Perpetrators of Iraq "horrors" must face justice, says UN rights expert

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The Deputy High Commissioner called on the Iraq government to protect civilians in Mosul, pictured here. Photo: HCR/S. Baldwin

One of the UN's top human rights leaders on Wednesday said it was "painful” to contemplate abuse carried out by ISIS extremists in Iraq, amid evidence that pro-government forces were also responsible for terrible violations.

In her office’s report on the strife-hit country, Deputy High Commissioner for Human Rights Flavia Pansieri told the UN Human Rights Council of "horrible, horrible violations" by the separatist fighters and said they needed to be brought to justice.

The abuses include the repeated rape of girls as young as six, according to Pansieri, who was also critical of the Iraqi government, citing the alleged use of barrel bombs by Iraqi security forces.

Daniel Johnson has more.

In her address, the Deputy High Commissioner said that 2014 had been the deadliest year for Iraqi civilians since 2006.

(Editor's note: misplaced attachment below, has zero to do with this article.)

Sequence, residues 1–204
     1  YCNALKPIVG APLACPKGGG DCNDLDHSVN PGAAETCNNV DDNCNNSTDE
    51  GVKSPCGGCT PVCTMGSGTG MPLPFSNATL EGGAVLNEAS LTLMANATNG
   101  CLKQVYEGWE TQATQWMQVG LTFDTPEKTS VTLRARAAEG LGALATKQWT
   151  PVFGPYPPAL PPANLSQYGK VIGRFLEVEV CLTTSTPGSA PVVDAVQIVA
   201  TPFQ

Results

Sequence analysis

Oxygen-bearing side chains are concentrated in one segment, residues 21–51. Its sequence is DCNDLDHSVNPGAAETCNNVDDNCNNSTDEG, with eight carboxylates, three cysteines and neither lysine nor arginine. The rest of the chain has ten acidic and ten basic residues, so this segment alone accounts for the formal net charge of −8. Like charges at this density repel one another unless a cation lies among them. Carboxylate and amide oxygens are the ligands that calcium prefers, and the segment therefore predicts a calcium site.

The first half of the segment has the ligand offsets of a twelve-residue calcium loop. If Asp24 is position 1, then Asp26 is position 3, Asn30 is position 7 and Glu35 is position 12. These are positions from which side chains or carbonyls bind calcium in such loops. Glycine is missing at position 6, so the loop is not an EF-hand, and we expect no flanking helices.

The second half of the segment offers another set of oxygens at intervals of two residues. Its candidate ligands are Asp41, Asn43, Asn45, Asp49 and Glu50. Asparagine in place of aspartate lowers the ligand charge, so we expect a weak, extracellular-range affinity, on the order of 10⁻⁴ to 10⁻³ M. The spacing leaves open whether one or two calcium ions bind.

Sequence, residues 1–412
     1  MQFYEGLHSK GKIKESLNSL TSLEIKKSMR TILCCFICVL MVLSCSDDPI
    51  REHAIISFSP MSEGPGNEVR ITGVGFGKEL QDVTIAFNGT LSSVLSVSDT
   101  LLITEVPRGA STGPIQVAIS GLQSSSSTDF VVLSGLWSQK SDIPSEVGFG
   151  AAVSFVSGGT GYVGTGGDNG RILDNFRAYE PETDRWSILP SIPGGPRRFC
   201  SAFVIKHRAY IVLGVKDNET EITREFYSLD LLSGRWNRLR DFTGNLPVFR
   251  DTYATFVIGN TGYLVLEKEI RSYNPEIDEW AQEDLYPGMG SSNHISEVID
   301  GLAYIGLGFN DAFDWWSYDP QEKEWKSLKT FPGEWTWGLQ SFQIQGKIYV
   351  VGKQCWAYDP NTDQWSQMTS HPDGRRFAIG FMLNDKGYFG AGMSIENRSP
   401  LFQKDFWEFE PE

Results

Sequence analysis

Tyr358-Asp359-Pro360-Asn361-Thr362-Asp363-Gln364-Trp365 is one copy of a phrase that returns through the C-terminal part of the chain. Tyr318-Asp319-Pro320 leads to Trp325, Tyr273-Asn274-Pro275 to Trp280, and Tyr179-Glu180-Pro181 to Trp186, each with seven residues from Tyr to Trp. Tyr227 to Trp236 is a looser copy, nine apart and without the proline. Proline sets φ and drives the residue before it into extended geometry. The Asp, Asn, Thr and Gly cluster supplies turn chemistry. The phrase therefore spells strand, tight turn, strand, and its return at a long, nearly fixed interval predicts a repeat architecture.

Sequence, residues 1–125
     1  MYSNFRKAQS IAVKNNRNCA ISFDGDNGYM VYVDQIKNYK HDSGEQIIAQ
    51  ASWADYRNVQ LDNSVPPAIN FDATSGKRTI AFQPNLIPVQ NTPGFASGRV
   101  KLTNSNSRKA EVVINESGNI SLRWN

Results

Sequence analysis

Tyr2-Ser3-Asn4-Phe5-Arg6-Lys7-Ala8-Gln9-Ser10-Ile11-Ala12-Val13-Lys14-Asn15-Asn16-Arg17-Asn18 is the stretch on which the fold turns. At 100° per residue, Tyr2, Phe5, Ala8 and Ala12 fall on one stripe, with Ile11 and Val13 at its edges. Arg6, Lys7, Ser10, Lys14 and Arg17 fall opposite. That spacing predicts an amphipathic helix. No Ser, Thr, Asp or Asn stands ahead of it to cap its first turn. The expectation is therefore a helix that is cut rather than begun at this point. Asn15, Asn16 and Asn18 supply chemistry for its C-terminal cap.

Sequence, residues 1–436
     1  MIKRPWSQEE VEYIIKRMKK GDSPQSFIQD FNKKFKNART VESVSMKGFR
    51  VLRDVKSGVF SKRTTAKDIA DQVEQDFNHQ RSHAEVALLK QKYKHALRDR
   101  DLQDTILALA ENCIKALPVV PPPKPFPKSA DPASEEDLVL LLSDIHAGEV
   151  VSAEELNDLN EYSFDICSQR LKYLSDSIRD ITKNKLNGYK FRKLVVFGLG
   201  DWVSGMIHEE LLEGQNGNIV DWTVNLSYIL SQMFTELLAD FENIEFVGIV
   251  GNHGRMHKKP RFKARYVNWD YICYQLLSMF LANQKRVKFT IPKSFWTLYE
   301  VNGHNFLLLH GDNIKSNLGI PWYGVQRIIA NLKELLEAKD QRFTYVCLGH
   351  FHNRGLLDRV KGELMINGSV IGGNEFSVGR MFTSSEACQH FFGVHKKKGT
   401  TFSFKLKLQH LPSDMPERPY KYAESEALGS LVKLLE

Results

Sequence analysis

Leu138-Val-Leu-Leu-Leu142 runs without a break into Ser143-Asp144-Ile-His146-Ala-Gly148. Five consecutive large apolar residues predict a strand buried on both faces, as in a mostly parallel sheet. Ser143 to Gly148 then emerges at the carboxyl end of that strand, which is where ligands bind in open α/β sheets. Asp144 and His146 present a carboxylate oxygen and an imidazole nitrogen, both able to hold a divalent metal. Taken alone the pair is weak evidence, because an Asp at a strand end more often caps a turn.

She described how ISIS "deliberately committed shocking and serious crimes" including the repeated rape of very young girls, who were then sold on to other extremists.

In addition, ethnic Yezidi boys as young as eight have been forcibly conscripted by ISIS and forced to watch videos of beheadings.

"The people who remain in zones under ISIL control suffer horrors that are painful for me even to tell you about…however, I'm also bound to report that although the government has steps some very encouraging steps to restore confidence among Iraqi communities, this cannot mask the fact that its forces and allies continue to violate human rights of people in the country…"

Amid this "relentless cycle of violence", the Deputy High Commissioner said that civilians in Mosul needed protection to prevent further violations from pro-Iraqi militia if and when they retook the city from ISIS.

The UN expert spoke of the alleged use of barrel bombs in civilian areas by Iraqi security forces and called for the Security Council to refer the matter to the International Criminal Court (ICC).

She also called for Iraq to sign up to the Rome Statute so that it fell under the ICC's jurisdiction.

In response, the Iraqi delegation said such "isolated" rights violations could "in no way" be compared with the "transboundary terrorism" practised by ISIS.

The Iraqi minister for human rights, minister Mohammed Al- Bayati added that his country was studying the request to join the ICC.

Daniel Johnson, United Nations

Duration: 1'44"

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